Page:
Now, I know this is a weird one. It is as odd an idea as it sounds, but hear me out. They actually worked quite well. Done the first way, no one could tell they were turnippy. They were moist, tender spice cookies. Here's how I arrived at these. I've been cooking with Little Bit since he was tiny. He has a toy kitchen of his own, and he frequently "cooks" for us and has us try his meals. Sometimes they are things he has seen us make, sometimes not so much (like strawberry and banana soup). I want to encourage his creativity and interest in cooking, so I like to try out his ideas. Sometimes they are a direct request to cook together, like "Mama, we can make pear sorbet", sometimes just an idea in play, like "Mama, smell my turnip cookies". Either way though, I try to honour them and make his ideas a reality, and show him that they are viable. So hence the idea of turnip cookies, from my 3-year-old asking me to smell his turnip cookies. I don't know if he really registered that it was an unusual idea, or when a few weeks later, we bought a turnip and made the cookies, I don't know if he made the connection between the two. Cooking to my 3-year-old's imagination is an interesting challenge though, which I enjoy taking up. I spent a couple of weeks turning the idea over in my mind and playing with flavours I could pair with the turnips before settling on these two variants. The first batch, I had wanted to be almond and spice cookies, and so they were, but less almondy than I wanted as I discovered that I was out of almond extract when I went to start baking. I played around with different proportions of different sugars to achieve the flavour I wanted in the first batch, too. The second batch is a heavily adapted spiced molasses cookie from Claire Saffitz's book. As for the turnip itself, I wasn't sure how best to include it. Raw, like grated carrot in a carrot cake? Or precooked somehow? And if precooked, then in what way? I ended up going with the pre-cooked idea, first boiled and mashed, then roasted and blitzed. In terms of just eating the turnip, the roasted one was beautiful, but in terms of the cookies, the boiled ones were more subtle. The roasted ones somehow developed a strong negative turnip flavour from somewhere that wasn't apparent at every bite, but often enough that it bugged me a little. I would therefore steer clear of that method and boil the turnip for both cookie variants. I decided against the raw, grated ones as I wasn't sure how bits of turnip would work, rather than being smoothly incorporated into the cookie dough. Recipe Cook time: approx. 1 hour -- Portions: about 30 cookies -- Difficulty: Easy Almond and Chocolate Spiced Turnip Cookies Ingredients: 1/2 turnip (small) for 1/2 - 3/4 c boiled and mashed turnip 3/4 c butter, soft 3/4 c light brown sugar 1/2 c white sugar 1/4 c dark brown sugar 2 eggs 1 1/4 c ground almonds 2 1/4 c flour 5 cloves, ground (5 is Little Bit's favourite number. Very important!) 1/2 tsp ground ginger 1 tsp cinnamon 1/4 tsp cardamom 1/4 tsp cumin 1 tsp bicarb 1 tsp vinegar syrup (from pickled peaches) OR 1/2 tsp molasses and 1/2 tsp vinegar 100 g dark chocolate chips 1) Boil the turnip until fork-soft and mash. Cool. 2) Cream the butter and sugars together in a bowl. Beat in eggs, then the turnip. 3) Mix in the dry ingredients and combine well. Add vinegar and chocolate chips. 4) Place teaspoonfuls of cookie dough on a lined cookie sheet and bake 8-10 minutes at 180°C. Molasses Turnip Cookies Ingredients: 1/2 turnip 2 tbsp butter 3/4 c butter, melted 1 1/2 c dark brown sugar 2 eggs 1/4 c molasses 1/4 c liquid honey 1/4 c milk 3 3/4 c flour 1 tbsp baking soda 2 1/2 tsp ground ginger 1/2 tsp finely ground black pepper 1/2 tsp allspice 1/4 tsp cloves 1/2 c oats 2 tsp apple cider vinegar (Or homemade rosehip vinegar) 1) Cut the turnip into cubes and roast with the butter at 180°C for about 20-30 minutes, until fork-soft. Cool. 2) Cream the cooled, melted butter with the sugar. Beat in the eggs, then the molasses and honey. 3) Blitz the cooled turnip with the milk until smooth and add to the batter. Mix thoroughly. 4) Stir in the dry ingredients, mixing well, then add the vinegar (this is important both for the flavour balance and to activate the baking soda). 5) Roll dough into 1" balls and place on a lined cookie sheet. Bake at 180°C for 10-12 minutes. Both of these cookies turned out very nicely indeed, although, as stated above, I would stick with boiling and mashing the turnip for both recipes, as the roasting brought out some less desirable flavours. On the whole, I wouldn't know which of the two I liked better. Everyone I shared either with (and not just sycophantic family members who have to tell me they're good) said that they enjoyed both cookies. Each time, I waited until after they had been tasted to divulge the tuber secret, just to avoid a placebo or nocebo effect. Overall, odd as turnip cookies sound, I can't work out what it should be any odder an idea than carrot cake, or red velvet for that matter, which was traditionally made with beets. Side note, I've started using a silicone baking sheet mat instead of greasing cookie sheets. I find it works across different types of cookies and therefore doesn't waste the extra butter or shortening. Feel free if you prefer to grease your cookie sheets or to use baking paper instead. Swaps and substitutions: In both recipes, the different proportions of white to brown sugar can be played around with, although be aware that this will affect the texture and flavour of the cookies. Try preparing the turnip different ways - raw, boiled, roasted - and see how it differs. See how the difference between smooth incorporation and pieces (I would recommend small pieces) of turnip affects the flavour profile. As with the sugars, the proportion of honey to molasses can be played around with in the second recipe. It shouldn't affect texture too much, but it will change the flavour balance a little - darker and deeper with more molasses, lighter and more golden with a higher honey proportion. Try adding some almond extract - only 1/2 tsp or so to the first recipe, as I had intended (and plan to do at the first opportunity). As an Amazon Associate, I earn from qualifying purchases.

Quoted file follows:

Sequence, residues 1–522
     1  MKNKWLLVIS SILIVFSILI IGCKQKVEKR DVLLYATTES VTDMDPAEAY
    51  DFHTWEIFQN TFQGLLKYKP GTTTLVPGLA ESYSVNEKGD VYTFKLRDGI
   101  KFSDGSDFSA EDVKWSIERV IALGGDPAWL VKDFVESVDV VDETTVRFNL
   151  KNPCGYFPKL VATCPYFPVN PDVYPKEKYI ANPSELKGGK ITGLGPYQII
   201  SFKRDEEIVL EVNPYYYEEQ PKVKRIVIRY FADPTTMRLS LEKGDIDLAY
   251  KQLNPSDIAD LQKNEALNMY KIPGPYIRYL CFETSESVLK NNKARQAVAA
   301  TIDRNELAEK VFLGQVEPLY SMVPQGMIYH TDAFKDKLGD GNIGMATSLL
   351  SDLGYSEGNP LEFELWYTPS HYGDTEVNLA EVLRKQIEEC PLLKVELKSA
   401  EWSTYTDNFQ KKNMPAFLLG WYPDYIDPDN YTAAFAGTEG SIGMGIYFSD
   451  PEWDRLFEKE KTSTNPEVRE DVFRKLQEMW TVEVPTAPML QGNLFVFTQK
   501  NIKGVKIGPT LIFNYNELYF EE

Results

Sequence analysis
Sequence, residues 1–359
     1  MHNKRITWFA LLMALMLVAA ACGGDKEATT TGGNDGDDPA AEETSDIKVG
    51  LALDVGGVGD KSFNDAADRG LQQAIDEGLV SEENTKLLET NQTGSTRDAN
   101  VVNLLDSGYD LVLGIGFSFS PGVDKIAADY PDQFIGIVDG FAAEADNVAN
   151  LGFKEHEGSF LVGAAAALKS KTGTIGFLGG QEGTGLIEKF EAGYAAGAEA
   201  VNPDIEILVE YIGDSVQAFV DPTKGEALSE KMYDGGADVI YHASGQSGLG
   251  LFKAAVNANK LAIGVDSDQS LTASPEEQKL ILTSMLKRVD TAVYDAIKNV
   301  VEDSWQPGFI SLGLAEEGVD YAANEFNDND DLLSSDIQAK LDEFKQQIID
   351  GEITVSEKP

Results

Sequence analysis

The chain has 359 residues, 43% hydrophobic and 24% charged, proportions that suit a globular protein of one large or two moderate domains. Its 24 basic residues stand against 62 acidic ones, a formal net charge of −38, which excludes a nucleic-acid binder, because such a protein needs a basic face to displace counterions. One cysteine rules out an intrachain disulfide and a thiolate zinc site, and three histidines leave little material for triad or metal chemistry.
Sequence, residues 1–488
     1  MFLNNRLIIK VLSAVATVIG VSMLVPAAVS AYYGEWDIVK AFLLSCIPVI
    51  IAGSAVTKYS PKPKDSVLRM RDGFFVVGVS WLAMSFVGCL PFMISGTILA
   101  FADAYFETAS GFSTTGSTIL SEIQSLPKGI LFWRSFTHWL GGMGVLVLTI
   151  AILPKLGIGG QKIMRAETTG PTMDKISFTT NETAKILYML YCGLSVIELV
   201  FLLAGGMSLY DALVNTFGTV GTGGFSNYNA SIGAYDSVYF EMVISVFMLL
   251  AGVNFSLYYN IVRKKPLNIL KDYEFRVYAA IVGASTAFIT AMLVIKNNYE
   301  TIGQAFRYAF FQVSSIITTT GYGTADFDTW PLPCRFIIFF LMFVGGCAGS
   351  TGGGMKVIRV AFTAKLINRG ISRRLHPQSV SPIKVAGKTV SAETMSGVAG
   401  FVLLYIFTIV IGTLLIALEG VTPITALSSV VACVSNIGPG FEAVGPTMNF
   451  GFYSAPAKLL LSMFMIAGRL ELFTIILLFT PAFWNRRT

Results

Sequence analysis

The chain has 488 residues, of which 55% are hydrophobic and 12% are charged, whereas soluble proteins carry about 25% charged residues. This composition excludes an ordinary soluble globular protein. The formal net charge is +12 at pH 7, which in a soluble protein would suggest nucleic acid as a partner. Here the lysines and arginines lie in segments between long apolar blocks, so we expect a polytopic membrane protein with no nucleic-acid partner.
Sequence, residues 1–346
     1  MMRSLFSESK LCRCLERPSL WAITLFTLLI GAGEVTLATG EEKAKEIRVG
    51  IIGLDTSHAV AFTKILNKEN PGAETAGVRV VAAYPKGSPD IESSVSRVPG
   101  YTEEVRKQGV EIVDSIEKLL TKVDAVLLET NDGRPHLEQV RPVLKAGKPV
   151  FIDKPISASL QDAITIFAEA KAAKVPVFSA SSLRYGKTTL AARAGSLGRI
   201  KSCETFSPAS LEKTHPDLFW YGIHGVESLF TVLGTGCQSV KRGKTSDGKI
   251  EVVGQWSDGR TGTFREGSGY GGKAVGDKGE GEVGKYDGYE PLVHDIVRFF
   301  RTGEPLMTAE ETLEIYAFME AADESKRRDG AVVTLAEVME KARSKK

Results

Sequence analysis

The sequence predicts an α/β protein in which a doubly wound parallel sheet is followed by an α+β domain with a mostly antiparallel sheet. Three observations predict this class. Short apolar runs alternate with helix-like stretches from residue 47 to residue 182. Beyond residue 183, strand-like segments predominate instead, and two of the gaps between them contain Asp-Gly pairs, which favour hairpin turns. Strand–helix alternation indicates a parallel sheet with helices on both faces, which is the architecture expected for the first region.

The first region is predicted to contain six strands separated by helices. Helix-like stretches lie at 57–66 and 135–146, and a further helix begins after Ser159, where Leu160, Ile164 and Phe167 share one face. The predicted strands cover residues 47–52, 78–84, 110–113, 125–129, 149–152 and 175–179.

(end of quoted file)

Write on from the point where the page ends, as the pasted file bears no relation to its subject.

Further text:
• Apple Pectin Panna Cotta with Apple Sauce